“All this time I was calling on them to hold up their hands. When they saw that four of the 15 had been killed, the other 11 threw up their hands. I took them back to our lines,” he said.
Neibaur was all of 18 years old.
For his efforts, General Black Jack Pershing presented Neibaur with the Medal of Honor on Feb. 2, 1919.
According to historian Paul H. Kelly, Neibaur joined the Idaho National Guard in March 1917 just before the country entered World War I. Shortly afterward, the Army inducted Neibaur into active duty. By October of that year, the Army assigned Neibaur to the 41st Division of the National Guard, from the Western United States, where he served as an automatic rifleman.
The Army initially stationed Neibaur at Camp Mills in Long Island, New York, but by February 1918, Neibaur landed in France with the 42nd Rainbow Division. Kelly reported that then Maj. Douglas MacArthur named the group such because its servicemen were from all over the United States apparently making them a “Rainbow” of military members.
Neibaur’s unit served in various “combat rotations” and eventually fought in the Meuse-Argonne campaign in the fall of 1918. At that point, the Army put Neibaur and his fellow soldiers in charge of capturing a hill called Cote de Chatillon. It was there that Neibaur fought in the battle that earned him the Medal of Honor.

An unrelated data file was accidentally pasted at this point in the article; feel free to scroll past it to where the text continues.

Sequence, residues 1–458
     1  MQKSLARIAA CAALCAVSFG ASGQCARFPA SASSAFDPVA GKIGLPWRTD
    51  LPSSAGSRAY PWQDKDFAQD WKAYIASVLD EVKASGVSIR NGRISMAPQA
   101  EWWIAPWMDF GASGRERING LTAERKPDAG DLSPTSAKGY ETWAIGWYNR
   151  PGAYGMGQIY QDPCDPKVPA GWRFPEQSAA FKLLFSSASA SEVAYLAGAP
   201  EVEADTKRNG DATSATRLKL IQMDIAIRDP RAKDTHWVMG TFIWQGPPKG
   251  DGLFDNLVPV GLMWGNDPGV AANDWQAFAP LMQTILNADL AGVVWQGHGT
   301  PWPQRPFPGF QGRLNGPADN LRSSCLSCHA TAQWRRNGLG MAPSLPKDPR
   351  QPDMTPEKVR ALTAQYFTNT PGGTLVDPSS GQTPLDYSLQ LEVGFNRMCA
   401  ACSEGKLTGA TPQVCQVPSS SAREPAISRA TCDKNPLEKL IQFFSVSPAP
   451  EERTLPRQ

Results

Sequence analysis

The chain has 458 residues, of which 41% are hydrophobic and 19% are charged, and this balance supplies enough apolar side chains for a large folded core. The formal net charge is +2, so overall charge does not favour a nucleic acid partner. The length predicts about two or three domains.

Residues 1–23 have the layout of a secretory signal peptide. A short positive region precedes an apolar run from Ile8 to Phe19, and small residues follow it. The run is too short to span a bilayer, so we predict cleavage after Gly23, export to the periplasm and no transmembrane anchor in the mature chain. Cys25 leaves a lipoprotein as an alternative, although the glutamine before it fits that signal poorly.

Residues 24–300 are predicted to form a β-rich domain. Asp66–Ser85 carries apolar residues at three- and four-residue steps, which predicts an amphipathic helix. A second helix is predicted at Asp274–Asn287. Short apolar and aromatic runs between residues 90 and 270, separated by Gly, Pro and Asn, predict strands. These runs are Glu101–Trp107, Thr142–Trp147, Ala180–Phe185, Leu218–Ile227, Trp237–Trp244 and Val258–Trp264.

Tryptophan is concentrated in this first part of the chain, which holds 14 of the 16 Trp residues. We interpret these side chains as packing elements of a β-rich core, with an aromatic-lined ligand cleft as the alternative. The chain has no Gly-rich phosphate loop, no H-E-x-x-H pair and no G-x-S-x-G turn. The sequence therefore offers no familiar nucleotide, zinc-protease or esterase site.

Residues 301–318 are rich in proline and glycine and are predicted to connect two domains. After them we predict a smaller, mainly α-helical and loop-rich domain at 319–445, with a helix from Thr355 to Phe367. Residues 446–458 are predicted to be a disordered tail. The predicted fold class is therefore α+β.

The Liquisearch.com webpage reported that Neibaur spent several months in field hospitals where he recovered from his wounds. He returned home to Sugar City on May 27, 1919.
“(He) was welcomed by a throng of some 10,000 people, celebrating a state-wide holiday proclaimed by the governor who was in attendance at ‘Neibaur Day,’” the webpage reported.
Neibaur later married Sarah “Lois” Shepard in November of that year. In addition to Shepard’s son from a previous marriage, the Neibaurs went on to have nine children.
Sadly, Neibaur experienced tragedy after tragedy following his return home.